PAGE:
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Dabney Jacob trained to be a life coach, but it was perhaps her own life experiences and and an illness diagnosis that truly prepared her for her second career.
Dabney Jacob’s decision to be a life coach in her encore career was born from the wisdom gained during her past work and life experiences, as well as her passion to help others and a need to remain active after retirement.
Dabney’s first career was as an art history and Latin teacher at Isidore Newman School from 1976-1988. There she was able to expose young people to new liberal art ideas and concepts, as well as different cultures. She gained much satisfaction from seeing the varied ways her students learned, thought, and approached the world.
“Teaching is fundamental to any coaching or mentoring experience,” she says.
As a wife of over 45 years, Dabney and her husband have focused on employing positive proactive communication skills. They discovered these skills from participating in life skills courses together and with their two daughters. Today, Dabney has the pleasure to be a grandparent to three grandsons.
“Over the years I have felt satisfaction and joy in using these assets and watching my children and grandchildren blossom,” she says. “They have learned many life skills, how to deal with obstacles both real and imagined, and how to have real self-confidence.”
A Global Perspective
Dabney and a co-teacher, Bee Fitzpatrick, at Newman wanted to go to Hong Kong in 1978. They decided to make it a business trip in order to fund it, and took their husbands with them.
While in Asia, they purchased a collection of beautiful antiques, linens, children’s clothes, and jewelry. Upon their return, they opened the first pop-up shop in New Orleans and sold all of their goods in three days.
“Since our husbands’ food and bar bill was more than our discount airfare, our accountant told us if we didn’t take our husbands, we could probably create a nice business from our travels in the future,” Dabney says.
That was the birth of the Orient Expressed store on Magazine Street. As the co-owner of a business from 1978 to 2013, Dabney was able to travel extensively and work with over 10 factory owners and employ over 40 women, selling handmade items and artwork.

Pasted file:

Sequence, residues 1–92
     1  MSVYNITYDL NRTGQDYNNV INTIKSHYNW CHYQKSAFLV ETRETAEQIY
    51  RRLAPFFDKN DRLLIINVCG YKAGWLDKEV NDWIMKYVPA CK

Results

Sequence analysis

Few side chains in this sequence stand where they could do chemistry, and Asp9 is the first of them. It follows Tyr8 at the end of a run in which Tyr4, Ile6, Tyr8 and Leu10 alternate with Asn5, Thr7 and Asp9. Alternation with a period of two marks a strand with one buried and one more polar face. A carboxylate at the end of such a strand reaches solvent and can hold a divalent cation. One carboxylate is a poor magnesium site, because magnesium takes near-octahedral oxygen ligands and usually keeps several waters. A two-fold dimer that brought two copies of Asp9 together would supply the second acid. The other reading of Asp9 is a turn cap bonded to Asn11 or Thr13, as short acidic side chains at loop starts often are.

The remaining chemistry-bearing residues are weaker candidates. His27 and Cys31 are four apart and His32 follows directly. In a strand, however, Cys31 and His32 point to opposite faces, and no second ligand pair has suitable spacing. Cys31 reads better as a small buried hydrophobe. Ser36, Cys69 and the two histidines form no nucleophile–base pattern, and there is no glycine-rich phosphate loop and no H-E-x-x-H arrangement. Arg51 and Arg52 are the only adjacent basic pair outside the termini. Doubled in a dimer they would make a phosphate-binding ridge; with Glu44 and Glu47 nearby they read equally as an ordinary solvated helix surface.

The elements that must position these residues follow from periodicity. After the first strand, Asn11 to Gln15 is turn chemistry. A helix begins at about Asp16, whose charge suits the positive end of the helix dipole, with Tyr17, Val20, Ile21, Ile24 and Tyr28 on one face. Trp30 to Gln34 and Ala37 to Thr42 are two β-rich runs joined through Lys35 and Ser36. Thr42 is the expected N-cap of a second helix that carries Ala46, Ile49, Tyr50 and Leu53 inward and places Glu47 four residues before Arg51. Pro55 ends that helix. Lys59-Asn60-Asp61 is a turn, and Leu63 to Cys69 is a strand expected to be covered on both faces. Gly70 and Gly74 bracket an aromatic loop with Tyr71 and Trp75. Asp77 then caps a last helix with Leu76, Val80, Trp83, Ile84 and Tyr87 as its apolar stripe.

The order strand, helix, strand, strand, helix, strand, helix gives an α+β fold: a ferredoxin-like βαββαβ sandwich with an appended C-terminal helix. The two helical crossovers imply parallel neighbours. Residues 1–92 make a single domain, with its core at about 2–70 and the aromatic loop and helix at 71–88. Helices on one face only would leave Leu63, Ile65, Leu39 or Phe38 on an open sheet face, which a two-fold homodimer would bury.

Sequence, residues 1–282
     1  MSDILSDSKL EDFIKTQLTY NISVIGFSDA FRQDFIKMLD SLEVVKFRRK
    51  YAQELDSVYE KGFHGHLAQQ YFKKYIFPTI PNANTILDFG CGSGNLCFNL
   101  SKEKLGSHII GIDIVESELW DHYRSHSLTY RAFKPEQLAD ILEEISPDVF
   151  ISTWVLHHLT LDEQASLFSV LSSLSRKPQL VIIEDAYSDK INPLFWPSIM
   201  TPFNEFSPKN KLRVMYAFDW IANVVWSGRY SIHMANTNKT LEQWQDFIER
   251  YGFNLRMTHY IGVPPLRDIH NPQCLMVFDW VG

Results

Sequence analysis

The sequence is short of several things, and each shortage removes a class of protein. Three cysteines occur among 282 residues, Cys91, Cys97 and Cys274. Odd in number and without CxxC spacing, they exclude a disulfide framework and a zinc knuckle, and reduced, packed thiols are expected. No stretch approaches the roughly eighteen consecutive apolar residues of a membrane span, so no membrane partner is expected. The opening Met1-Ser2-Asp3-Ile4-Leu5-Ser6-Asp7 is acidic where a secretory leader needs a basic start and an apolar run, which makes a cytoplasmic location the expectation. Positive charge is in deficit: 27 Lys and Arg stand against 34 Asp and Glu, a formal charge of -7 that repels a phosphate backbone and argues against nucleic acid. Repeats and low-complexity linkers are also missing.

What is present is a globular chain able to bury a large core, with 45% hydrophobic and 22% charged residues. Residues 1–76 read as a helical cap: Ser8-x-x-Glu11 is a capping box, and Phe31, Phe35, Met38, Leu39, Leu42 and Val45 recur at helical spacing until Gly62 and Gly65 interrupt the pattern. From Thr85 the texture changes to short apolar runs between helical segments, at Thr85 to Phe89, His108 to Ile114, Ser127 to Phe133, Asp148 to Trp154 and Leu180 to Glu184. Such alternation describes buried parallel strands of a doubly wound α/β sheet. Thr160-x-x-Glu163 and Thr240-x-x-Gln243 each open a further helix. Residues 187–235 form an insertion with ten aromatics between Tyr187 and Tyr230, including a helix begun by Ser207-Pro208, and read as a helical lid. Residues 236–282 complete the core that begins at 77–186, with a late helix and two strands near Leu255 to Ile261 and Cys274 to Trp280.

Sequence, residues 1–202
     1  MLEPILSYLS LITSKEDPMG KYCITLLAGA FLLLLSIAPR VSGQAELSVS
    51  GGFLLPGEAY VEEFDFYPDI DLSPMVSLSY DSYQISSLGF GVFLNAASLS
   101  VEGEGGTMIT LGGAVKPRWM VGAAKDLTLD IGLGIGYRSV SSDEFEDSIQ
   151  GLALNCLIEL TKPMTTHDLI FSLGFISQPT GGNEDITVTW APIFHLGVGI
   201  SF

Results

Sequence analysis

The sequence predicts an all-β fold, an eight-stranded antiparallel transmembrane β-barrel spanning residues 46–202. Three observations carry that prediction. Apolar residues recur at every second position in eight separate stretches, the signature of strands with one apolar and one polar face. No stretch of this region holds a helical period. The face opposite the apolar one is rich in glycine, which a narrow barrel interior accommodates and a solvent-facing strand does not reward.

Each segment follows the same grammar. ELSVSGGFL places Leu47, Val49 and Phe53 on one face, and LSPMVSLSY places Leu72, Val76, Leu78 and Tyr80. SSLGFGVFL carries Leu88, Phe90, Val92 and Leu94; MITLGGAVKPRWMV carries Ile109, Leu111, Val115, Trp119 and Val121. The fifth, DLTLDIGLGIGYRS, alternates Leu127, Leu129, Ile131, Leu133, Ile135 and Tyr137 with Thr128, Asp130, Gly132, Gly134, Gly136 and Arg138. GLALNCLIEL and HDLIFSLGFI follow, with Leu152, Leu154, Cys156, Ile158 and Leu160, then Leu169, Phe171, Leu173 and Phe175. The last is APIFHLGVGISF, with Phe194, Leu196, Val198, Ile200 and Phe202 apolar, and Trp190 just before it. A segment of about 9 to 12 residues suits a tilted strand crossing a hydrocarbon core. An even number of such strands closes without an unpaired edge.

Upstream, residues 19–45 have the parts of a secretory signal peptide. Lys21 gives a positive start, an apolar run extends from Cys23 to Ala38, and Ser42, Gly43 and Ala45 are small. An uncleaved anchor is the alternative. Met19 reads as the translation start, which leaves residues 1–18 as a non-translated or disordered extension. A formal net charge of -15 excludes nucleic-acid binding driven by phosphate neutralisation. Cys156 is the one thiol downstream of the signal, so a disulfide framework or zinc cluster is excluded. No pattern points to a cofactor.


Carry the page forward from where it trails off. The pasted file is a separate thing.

In addition to the day-to-day operations of running a business, Dabney gained a global perspective of the world through her travels.
“My travels and love of different cultures has grounded my appreciation and understanding of people,” said Dabney.
Healing Through Experience
Dabney looks forward to being a life coach for someone who is starting a new business. Dabney states, “In growing Orient Expressed we used many skills that I employ in life coaching to visualize what we wanted to create. We set goals to reach milestones as well as to overcome a multitude of obstacles. I would love to use that experience to help someone else create a successful business or to make a career change.”
Ten years ago, Dabney discovered that she had a chronic health issue.
“Over the years, I have learned to see my body and its healing, as well as acceptance of a chronic condition in a new light,” Dabney says.
During that time, she was studying to be a life coach and learned to apply the same coaching principles to her own healing process, including goal setting, compassion, and self-love, as well as accepting responsibility for her choices.
Perhaps the most important influence on Dabney’s encore career was her participation in a local friends’ group of 30 years. This group consists of nine women who meet weekly to support each other in all of their life’s celebrations and challenges.
In her words, “Through the years we have been a mastermind support group for each other in raising our children, navigating marital conflicts, working through business problems, and watching our parents age and die.
“Now in our late 60s and 70s we are confronting our own medical challenges, but more importantly celebrating the pleasures of grandchildren, travels, and friendships. We have learned the power of open and unfearful communication as well as applying solid life skills, compassion, and love to living a vibrant life,” she says.
Life After Orient Expressed
Dabney never imagined what life would be like when she no longer co-owned Orient Expressed because it was central to her world. Dabney and Fitzpatrick were approached in 2013 to sell the business.
After careful consideration, they decided that they were getting older and it was time to move into the next chapter of their lives.
After retiring from Orient Expressed, Dabney decided to pursue a life coach certification from the Mary Morrissey organization. From that extensive training and education, she learned that a major component of being a life coach is to teach a client to unlock both undiscovered strengths and talents as well as to teach new life skills. Then help the client use these to create a new direction in life that is fulfilling.
Dabney feels that her varied life experiences position her to be able to help other people who may need assistance to clearly understand what they want and to resolve a variety of issues in their lives.
In addition, this career was also attractive to her because it is flexible enough that she can spend time with family and friends, tend to her personal needs, be actively involved in her grandchildren’s lives, and travel.
What is Dabney’s advice to a Boomer who is thinking about an encore career? She says, “Try on many hats. Create a clear vision on where you want to go and what you are passionate about. If you have trouble deciding what that might be, get a life coach.”
Katherine Diliberto has lived, worked, and raised a family in New Orleans. She is a retired school teacher and administrator who enjoys traveling and exploring all the Crescent City has to offer.